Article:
Title: Power relations and complex organisational development

Authors: Pieter S.J. Avenant; Kurt A. April; B.K.G. Peters

Addresses: Graduate School of Business, University of Cape Town, Breakwater Campus, Portswood Road, Greenpoint, 8001 Cape Town, South Africa ' Graduate School of Business, University of Cape Town, Breakwater Campus, Portswood Road, Greenpoint, 8001 Cape Town, South Africa ' Ashridge Business School, Brownlow Walk, Ashridge Estate, Berkhamsted, Hertforshire, HP4 1NS, England, UK

Abstract: Human interaction is so important because, in the workplace, you always have to work with other people. As a leader, the way in which you and others relate to each other, authentically and inauthentically and use personal- and collective power within those relationships can create positive, enabling workplace environments, or be places of exclusion and negative engagement. Our research was a qualitative study, informed by complexity theory, of the construct of power relations, investigating the lived experiences of leaders within the complexity of the emerging economy of South Africa. It also further explored the challenges of such an approach in terms of the implementation and openness of people within organisations to engage with power relations, and not just to treat it unconsciously. Key features of our research were unpacking the relevance for leaders, as well as the impact of social dynamics, concepts of power, leader attributes, personal traits and organisational features on power relations.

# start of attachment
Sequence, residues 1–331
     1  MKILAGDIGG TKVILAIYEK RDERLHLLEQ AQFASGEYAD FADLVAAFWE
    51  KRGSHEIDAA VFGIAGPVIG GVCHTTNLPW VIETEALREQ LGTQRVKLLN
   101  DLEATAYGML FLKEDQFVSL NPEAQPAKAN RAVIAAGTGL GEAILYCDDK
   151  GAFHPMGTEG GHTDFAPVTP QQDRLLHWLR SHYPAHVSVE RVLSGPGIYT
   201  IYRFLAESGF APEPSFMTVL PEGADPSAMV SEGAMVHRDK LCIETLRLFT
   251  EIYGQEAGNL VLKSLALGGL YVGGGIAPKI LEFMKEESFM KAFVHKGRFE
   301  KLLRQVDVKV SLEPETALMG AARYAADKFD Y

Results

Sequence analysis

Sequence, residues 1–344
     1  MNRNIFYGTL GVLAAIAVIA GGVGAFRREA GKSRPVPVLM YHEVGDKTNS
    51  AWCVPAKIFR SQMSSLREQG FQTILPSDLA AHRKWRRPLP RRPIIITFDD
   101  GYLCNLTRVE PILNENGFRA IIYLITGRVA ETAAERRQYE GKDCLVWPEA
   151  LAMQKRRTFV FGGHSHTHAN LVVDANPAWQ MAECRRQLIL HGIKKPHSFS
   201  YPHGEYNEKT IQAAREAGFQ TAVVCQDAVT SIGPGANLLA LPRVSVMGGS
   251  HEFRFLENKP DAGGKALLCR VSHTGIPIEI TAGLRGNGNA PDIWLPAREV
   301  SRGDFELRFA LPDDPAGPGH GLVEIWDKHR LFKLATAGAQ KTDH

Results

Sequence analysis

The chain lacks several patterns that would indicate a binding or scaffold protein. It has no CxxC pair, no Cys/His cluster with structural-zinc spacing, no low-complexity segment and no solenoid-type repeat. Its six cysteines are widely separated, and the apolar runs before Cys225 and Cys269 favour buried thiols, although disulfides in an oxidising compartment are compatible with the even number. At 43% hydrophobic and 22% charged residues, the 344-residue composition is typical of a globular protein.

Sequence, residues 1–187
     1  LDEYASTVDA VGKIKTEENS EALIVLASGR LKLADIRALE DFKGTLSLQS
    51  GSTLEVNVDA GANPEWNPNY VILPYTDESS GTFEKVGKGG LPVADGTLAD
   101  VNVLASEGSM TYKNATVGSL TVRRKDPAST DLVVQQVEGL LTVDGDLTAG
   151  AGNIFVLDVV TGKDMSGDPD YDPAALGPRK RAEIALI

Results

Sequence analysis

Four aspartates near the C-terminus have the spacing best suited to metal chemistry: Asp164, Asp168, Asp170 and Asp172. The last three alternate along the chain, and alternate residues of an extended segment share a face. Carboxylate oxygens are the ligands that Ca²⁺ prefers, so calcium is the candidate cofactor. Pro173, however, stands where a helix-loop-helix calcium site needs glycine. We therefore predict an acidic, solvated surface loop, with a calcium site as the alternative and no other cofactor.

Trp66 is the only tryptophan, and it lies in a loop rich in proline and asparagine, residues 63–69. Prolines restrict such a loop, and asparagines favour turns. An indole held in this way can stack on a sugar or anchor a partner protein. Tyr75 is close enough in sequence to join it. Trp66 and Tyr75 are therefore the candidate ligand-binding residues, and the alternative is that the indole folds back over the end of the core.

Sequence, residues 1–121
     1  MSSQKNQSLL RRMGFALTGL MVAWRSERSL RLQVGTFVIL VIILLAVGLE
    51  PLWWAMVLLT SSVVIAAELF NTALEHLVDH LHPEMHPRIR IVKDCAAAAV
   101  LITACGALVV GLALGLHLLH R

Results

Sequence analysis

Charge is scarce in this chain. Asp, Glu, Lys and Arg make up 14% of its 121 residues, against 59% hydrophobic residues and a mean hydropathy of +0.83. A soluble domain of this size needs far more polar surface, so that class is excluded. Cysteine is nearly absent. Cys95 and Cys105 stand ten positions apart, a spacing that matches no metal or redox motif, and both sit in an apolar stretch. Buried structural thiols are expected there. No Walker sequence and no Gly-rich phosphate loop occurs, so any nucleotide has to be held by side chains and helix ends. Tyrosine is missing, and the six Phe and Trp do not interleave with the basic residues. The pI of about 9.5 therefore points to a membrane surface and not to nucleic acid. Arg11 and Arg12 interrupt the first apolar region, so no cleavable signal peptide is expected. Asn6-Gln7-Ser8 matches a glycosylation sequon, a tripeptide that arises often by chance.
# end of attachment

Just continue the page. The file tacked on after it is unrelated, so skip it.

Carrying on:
Keywords: leadership; organisational complexity; empowerment; power relations; organisational development; complexity theory; emerging economies; South Africa; social dynamics; power concepts; leader attributes; personality traits.

DOI: 10.1504/IJCLM.2016.080320

International Journal of Complexity in Leadership and Management, 2016 Vol.3 No.3, pp.218 - 243

Received: 04 Apr 2016
Accepted: 24 Apr 2016

Published online: 10 Nov 2016 *

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